Nov 19

This. This poem. THIS!


1. How much poison are you willing
to eat for the success of the free
market and global trade? Please
name your preferred poisons.

2. For the sake of goodness, how much
evil are you willing to do?
Fill in the following blanks
with the names of your favorite
evils and acts of hatred.

3. What sacrifices are you prepared
to make for culture and civilization?
Please list the monuments, shrines,
and works of art you would
most willingly destroy.

4. In the name of patriotism and
the flag, how much of our beloved
land are you willing to desecrate?
List in the following spaces
the mountains, rivers, towns, farms
you could most readily do without.

5. State briefly the ideas, ideals, or hopes,
the energy sources, the kinds of security,
for which you would kill a child.
Name, please, the children whom
you would be willing to kill. 

Author: Wendell Berry
Issue Title: Money and Morals after the Crash
Issue Year: 2010

found here: https://reflections.yale.edu/article/money-and-morals-after-crash/questionnaire

Sep 10

Hardy Boys Retrospective

I’m glad this writer took the time to revisit and re-read the Hardy Boys series I read and enjoyed so much, so I didn’t have my golden memories of these childhood books as badly tarnished.
I loved the The Hardy Boys books. I can even remember distinct details from some of the episodes, like The Secret Of The Caves
— although they all tend to blur into on long ‘episode’ now. My gut tells me they would probably be underwhelming to re-read now, so I’ve left them well enough alone.
That said, I was surprised by the antipathy that their Canadian (way to go, eh) ghost writer, Leslie McFarlane, showed towards the series.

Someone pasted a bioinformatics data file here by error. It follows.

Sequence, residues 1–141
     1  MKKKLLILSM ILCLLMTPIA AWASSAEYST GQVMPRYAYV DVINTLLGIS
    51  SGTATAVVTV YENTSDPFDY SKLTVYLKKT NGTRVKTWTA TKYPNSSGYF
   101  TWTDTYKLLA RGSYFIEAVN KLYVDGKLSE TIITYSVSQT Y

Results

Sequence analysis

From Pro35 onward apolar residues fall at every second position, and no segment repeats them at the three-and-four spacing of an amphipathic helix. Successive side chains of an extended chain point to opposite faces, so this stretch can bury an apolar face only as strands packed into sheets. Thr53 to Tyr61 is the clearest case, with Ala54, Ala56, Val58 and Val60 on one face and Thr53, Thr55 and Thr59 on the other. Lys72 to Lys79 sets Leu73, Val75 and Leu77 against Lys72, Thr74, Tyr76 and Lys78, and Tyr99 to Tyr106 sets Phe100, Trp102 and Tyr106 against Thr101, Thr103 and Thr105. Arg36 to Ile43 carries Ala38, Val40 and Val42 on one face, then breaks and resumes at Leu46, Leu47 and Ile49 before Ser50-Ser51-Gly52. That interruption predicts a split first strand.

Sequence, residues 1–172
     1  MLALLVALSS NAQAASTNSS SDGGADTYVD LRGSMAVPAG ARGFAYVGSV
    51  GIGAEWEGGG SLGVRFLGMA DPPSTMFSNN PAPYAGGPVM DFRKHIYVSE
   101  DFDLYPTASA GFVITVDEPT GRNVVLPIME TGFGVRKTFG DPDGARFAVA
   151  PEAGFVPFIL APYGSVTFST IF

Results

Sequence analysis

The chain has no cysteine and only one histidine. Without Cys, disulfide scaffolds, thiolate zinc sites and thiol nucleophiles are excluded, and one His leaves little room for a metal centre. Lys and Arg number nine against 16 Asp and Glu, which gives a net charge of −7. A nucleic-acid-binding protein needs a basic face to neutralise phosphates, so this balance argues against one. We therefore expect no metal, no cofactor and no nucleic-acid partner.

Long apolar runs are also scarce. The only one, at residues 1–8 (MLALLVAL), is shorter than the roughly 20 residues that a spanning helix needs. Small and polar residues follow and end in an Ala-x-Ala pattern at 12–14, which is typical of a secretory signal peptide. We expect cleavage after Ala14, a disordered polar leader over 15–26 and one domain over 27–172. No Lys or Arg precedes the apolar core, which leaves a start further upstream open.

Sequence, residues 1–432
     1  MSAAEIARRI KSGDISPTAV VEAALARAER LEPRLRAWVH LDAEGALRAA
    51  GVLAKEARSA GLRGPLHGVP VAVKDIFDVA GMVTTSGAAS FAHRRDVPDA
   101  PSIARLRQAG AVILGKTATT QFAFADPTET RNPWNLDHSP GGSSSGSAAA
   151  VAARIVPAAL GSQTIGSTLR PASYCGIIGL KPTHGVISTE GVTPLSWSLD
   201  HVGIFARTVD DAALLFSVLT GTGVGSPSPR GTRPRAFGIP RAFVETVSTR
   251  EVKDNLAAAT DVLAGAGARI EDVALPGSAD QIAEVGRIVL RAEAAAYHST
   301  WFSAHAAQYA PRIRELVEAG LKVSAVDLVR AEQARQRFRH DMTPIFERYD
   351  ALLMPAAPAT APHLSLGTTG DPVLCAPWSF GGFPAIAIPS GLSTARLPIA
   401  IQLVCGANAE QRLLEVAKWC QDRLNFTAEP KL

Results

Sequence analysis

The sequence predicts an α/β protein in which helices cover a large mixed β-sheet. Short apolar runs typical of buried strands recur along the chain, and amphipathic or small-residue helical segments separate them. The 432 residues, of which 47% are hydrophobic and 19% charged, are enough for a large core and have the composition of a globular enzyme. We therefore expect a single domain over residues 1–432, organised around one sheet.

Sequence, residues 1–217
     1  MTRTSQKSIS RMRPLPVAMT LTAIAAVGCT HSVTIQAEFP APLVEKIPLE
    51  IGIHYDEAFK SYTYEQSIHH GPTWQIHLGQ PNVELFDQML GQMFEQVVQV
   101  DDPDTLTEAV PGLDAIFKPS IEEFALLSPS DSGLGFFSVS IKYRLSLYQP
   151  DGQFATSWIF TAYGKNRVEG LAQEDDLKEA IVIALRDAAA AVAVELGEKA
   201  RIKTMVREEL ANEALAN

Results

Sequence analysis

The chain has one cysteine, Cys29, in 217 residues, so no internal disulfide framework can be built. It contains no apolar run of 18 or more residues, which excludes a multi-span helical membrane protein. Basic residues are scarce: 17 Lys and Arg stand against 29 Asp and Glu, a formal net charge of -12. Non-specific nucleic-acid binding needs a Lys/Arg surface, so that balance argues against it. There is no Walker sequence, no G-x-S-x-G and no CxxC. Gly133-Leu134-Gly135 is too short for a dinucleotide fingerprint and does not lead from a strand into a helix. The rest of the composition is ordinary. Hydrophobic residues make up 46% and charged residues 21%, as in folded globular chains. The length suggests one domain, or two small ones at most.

He pretty much detested them. Wonder how Nancy Drew’s writer(s) felt about their writings…

Jan 10

J.D. Salinger, 91, Is Dead

J.D. Salinger’s writing had a huge impact on me, and today’s news that J.D. Salinger has died stopped me cold.

Hi books, Franny and Zooey
, Raise High the Roof Beam, Carpenters and Seymour: An Introduction, and, of course, The Catcher in the Rye, were so fantastic to read – think I’ll revisit them this year.

After being mind-blown by Catcher, I went on to F&Z; and then the 2 novellas (“…Carpenter/Seymore:…”).
You can feel Salinger’s writing getting more introspective, philosophical, and even cryptic as he writes each successive book — more and more like a zen koan. Then the final silence he retired into…

I remember reading years ago that he still writes; it would be amazing if his will bequeaths those writings to the world.

But if he doesn’t release those supposed unpublished works — I think I get that too (nice one, Salinger)

I believe Salinger, even with regards to his own death, understood and liked endings – he choose when to make his writing-ending, so I doubt we’ll see anymore…

So I’ll just say thanks Mr. Salinger, for the the undying spirit of your works: thanks for the light, the insight, your inward gaze, and the inspiration when I needed it very badly.

Posted via email from Lance’s miscelanny